Made Elsewhere? Everything But Corporatocracy

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The anti-business establishment in America encourages companies to take their manufacturing operations elsewhere.

If there’s one thing President Barack Obama does well, it’s talk (as long as his teleprompter is handy). On Tuesday, as part of his never ending re-election campaign, Obama spouted more empty rhetoric from a manufacturing plant in Bettendorf, Iowa.

“You had to up your game,” Obama said to the workers. “And that’s what we’ve got to do as a country as a whole. I want the cars and planes and wind turbines of the future to bear the proud stamp that says ‘Made in America.'”

It all sounds good, if only he really meant it. But as long as the Federal tax code, Obama and the agencies he oversees — Environmental Protection Agency, National Labor Relations Board, Food and Drug Administration and Department of Agriculture in particular — and the Obamacare healthcare law continue to overregulate small business and stifle entrepreneurism, “Made in America” will be supplanted by “Made Elsewhere.”

And what is particularly egregious is that multinational corporations continue to enjoy tremendous tax breaks that encourage them to take their manufacturing oversees while they enjoy their seats at the table of corporatocracy.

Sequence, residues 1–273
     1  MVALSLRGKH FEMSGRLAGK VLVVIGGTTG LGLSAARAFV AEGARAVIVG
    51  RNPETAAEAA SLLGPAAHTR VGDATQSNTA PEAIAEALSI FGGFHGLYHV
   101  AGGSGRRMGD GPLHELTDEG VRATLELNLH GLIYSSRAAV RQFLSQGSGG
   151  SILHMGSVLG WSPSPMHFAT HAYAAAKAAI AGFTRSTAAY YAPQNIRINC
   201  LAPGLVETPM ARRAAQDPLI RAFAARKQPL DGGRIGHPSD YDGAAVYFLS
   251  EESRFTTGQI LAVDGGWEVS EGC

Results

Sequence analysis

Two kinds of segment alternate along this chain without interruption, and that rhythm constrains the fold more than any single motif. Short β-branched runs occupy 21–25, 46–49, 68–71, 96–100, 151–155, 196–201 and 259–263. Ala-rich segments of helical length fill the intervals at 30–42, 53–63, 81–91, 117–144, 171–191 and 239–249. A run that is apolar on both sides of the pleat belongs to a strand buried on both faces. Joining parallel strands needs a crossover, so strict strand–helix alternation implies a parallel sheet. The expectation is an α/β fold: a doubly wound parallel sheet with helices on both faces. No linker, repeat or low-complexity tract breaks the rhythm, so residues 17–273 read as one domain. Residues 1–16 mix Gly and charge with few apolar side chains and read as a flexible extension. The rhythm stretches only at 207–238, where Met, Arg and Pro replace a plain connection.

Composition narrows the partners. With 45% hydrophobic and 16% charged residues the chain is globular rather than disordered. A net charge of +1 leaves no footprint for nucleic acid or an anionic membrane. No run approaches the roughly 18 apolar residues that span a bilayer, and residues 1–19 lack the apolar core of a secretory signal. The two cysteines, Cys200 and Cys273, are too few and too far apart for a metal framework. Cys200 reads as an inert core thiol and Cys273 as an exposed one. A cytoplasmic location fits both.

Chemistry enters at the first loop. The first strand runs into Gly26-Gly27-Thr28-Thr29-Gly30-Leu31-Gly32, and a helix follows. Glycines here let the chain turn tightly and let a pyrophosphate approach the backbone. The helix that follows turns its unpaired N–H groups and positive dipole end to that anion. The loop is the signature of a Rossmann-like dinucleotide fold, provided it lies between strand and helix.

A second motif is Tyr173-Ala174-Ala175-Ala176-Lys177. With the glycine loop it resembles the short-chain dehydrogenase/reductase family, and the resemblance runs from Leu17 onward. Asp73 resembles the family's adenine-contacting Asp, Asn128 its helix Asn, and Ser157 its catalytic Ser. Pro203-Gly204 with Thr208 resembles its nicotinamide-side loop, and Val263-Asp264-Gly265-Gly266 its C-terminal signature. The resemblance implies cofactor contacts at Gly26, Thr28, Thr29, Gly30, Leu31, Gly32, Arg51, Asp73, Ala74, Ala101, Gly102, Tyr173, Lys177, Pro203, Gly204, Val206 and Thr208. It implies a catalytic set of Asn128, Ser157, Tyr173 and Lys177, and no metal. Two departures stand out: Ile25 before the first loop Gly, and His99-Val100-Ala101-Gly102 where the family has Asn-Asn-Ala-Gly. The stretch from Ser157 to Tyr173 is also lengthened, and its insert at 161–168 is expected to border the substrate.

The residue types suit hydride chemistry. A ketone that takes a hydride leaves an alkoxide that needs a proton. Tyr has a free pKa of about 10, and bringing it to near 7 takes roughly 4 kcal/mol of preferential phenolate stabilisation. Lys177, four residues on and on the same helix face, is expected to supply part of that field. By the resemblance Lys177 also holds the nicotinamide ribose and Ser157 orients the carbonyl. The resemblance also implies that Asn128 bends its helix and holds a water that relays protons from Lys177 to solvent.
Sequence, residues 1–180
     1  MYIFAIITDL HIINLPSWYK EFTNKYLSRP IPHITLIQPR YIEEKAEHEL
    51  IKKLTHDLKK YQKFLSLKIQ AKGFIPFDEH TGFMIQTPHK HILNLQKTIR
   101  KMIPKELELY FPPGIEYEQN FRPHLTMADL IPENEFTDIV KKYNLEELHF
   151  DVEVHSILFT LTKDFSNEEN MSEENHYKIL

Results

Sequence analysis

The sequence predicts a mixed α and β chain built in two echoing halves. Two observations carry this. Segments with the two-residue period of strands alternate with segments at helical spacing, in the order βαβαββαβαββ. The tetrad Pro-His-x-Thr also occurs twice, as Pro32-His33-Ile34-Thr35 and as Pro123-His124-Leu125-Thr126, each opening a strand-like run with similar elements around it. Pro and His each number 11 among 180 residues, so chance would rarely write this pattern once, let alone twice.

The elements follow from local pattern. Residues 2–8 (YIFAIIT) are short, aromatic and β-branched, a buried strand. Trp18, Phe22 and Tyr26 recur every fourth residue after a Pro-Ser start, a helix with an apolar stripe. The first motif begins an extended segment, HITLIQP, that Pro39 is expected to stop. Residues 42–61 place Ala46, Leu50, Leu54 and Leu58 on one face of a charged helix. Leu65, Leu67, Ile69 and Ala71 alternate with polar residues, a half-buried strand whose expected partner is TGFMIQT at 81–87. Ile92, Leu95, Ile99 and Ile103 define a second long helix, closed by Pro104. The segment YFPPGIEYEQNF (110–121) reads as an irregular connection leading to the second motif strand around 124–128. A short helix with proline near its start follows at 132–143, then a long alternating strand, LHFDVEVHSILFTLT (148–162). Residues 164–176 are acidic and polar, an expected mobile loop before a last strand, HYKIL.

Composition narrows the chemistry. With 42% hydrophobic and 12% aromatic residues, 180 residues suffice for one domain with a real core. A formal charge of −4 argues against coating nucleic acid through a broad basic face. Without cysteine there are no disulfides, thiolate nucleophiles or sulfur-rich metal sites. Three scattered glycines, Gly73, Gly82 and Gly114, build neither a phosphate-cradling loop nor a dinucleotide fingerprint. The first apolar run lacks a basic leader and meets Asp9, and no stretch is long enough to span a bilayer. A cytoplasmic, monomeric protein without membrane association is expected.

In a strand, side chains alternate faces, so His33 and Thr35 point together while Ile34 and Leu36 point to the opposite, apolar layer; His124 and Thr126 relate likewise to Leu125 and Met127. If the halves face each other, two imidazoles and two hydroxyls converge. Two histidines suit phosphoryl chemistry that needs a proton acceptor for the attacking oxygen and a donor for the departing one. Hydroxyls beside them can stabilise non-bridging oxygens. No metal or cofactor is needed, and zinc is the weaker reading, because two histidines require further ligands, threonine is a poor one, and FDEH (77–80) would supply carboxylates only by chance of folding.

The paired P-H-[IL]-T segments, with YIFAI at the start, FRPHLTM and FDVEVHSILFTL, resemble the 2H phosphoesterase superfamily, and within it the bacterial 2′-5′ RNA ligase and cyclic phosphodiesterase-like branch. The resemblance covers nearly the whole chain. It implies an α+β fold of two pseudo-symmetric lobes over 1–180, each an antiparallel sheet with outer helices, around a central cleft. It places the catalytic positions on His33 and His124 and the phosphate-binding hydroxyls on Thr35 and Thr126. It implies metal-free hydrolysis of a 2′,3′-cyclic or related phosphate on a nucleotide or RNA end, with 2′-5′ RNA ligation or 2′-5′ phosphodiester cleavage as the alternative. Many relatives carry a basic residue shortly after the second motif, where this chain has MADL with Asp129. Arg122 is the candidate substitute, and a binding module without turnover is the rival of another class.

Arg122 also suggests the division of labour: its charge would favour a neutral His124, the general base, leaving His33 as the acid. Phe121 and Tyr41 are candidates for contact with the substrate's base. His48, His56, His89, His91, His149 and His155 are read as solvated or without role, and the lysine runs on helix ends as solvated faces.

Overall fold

Talk is cheap, and knocking down corporatocracy would be expensive for Obama and the political elites — Republican and Democrat alike — that feed at that trough. But if Obama truly wanted to put Americans back to work creating cars, planes, ridiculous and inefficient wind turbines and thousands of other items, he would quit talking, start reining in those anti-business government agencies and regulations, and end the subsidies that encourage companies to take their manufacturing elsewhere.

Personal Liberty

Bob Livingston

founder of Personal Liberty Digest™, is an ultra-conservative American author and editor of The Bob Livingston Letter™, in circulation since 1969. Bob has devoted much of his life to research and the quest for truth on a variety of subjects. Bob specializes in health issues such as nutritional supplements and alternatives to drugs, as well as issues of privacy (both personal and financial), asset protection and the preservation of freedom.

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